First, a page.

- By Charles Crawford
Everything has been planned by you in detail, above all seating arrangements for VIPs. Senior local dignitaries are in the front row, with friendly Ambassadors in honest protocol order in the second row.
You are in the foyer to greet the VIP guests as they arrive. Your Embassy Protocol Officer, in the theatre supervising the seating, receives a text message with bad news: the Foreign Minister and Development Minister plus partners are not able to attend.
Gulp. These people had the four prime ‘guest of honour’ seats next to the Ambassador right in the centre of the front row. What to do? The Protocol Officer turns giddy with anxiety. Different options swim into view:
a) Ask other VIPs in the front row to move along to close the awkward ‘gap’, leaving seats empty unobtrusively at either end of the row
b) Politely offer the two most senior Ambassadors and partners in the second row these best seats in the front row
c) Wait until the curtain rises, then give the central empty seats to friends – that gap must be filled
d) Rush to consult the Ambassador or DHM to ask for advice
e) Do nothing
This simple but horribly realistic scenario gets to the heart of Diplomatic Technique. It tests how far your Embassy understands the real point of what it is doing.
Or try this one. You are the mission’s lead Political Officer. The Ambassador is busy and gives you complicated oral instructions needing early action. You understand most of them; but not all. Do you:
a) Go back to interrupt the Ambassador’s important meeting and ask him/her to clarify exactly what he/she meant
b) Start to carry out those instructions you did fully understand, and leave the others until the Ambassador is less busy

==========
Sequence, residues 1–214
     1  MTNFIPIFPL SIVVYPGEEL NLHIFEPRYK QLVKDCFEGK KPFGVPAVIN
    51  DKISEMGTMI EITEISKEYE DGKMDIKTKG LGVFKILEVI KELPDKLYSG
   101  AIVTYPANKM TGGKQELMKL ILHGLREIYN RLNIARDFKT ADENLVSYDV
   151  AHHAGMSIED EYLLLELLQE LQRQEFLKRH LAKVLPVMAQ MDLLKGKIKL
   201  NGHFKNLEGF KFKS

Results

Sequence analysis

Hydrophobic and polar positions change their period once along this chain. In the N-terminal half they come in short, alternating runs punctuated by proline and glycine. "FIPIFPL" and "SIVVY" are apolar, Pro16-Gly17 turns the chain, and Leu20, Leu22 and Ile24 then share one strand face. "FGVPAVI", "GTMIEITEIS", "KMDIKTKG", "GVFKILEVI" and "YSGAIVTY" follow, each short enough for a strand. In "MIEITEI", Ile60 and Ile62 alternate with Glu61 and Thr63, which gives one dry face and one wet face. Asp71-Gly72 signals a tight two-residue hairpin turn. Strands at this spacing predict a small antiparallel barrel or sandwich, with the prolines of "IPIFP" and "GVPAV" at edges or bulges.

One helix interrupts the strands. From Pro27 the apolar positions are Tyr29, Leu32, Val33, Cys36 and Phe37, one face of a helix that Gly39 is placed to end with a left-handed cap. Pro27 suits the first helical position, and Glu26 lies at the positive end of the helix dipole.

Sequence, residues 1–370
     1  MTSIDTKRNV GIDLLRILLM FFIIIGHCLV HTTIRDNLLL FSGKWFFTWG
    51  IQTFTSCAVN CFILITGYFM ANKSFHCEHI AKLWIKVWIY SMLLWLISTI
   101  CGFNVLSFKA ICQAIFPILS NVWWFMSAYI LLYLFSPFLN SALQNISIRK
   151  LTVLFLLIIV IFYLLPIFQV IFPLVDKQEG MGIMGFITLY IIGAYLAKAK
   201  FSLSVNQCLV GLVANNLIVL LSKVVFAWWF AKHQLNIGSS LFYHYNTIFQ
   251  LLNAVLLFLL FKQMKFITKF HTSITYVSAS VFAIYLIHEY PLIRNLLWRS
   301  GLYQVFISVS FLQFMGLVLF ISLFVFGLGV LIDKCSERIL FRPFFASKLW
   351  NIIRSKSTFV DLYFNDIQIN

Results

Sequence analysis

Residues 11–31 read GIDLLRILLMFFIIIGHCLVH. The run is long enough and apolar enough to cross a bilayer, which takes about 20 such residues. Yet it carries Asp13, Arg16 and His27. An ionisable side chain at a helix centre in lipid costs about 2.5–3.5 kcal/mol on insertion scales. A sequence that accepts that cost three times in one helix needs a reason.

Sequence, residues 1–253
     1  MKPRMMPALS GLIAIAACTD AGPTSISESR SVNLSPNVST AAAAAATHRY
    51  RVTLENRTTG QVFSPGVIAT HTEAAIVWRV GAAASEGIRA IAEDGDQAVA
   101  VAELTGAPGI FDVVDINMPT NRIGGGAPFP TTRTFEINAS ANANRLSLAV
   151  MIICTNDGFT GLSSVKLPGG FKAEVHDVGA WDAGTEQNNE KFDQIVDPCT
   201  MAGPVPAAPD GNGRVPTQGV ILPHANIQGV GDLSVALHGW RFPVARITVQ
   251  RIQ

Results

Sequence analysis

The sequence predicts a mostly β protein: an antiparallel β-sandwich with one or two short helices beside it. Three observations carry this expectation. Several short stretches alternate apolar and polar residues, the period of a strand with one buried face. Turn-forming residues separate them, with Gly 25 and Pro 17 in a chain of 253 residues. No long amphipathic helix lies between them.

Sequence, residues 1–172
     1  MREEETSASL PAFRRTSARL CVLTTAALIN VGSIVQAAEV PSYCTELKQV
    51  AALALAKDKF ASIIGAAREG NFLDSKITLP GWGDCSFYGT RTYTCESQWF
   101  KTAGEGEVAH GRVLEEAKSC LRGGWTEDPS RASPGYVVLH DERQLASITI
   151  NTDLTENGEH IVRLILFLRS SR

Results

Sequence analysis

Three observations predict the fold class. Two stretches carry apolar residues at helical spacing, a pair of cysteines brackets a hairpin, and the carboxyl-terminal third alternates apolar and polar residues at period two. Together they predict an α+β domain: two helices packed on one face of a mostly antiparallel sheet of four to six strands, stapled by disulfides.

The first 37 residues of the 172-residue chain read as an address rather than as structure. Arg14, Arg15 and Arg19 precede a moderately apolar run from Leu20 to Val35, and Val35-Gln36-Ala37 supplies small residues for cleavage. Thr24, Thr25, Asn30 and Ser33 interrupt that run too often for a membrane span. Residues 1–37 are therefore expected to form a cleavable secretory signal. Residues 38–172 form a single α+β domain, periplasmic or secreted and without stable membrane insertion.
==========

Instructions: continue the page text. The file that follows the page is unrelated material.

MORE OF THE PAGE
c) Ask the Deputy Head of Mission for advice
d) Do nothing until the Ambassador is free later in the day to say exactly what he/she wanted
This too tests something profound – the way the Ambassador communicates priorities and operational effectiveness to all staff.
And how about this? The Foreign Minister, plus you (Ambassador) and one other senior national colleague are in a late-night meeting arguing over an EU budget deal worth billions. Several hours more weary haggling lie ahead. Your delegation shares a pocket calculator for the complicated options. Disaster. The battery dies. Your junior staff all went home long ago, but an all-night supermarket five minutes away sells new batteries. Do you:
a) Volunteer to run to the supermarket to buy a new battery
b) Insist that it is not your job as Ambassador to go shopping, even if the Foreign Minister asks you to go and buy a new battery; the delegation must manage with paper calculations
c) Ask around quietly to see if another delegation can lend you a calculator
d) Ask the Foreign Minister to decide what to do, agreeing to accept any instruction even if you feel it is grossly undignified
e) Telephone the hotel to order a junior colleague to fetch a new battery as soon as possible (probably 45 minutes or more)
This draws on a true story I was told by a senior colleague from a big EU country who had admired the crafty cleverness of the Brits at a top EU budget negotiation: ‘You Brits arrived with laptops and spreadsheets, but we had only a pocket calculator and it ran out of battery. We had no-one to go and buy a new one.’
All these examples are about the heart of diplomatic technique at all levels and in all contexts – judgement. Judgement is intangible and elusive. Some key people at all levels of any organisation have it. Many others just don’t. Those who have it are likely to be too busy (and too important) to have time to join training courses and try to share with lesser mortals the secrets of their unfailing operational insight.
Judgement is all about weighing lots of different things instinctively and coming down firmly on a judicious and productive way forward. Right at the core of judgement is, of course, accuracy. It does not matter what noble qualities you bring to a job if you get key facts wrong. But it’s also much more than that.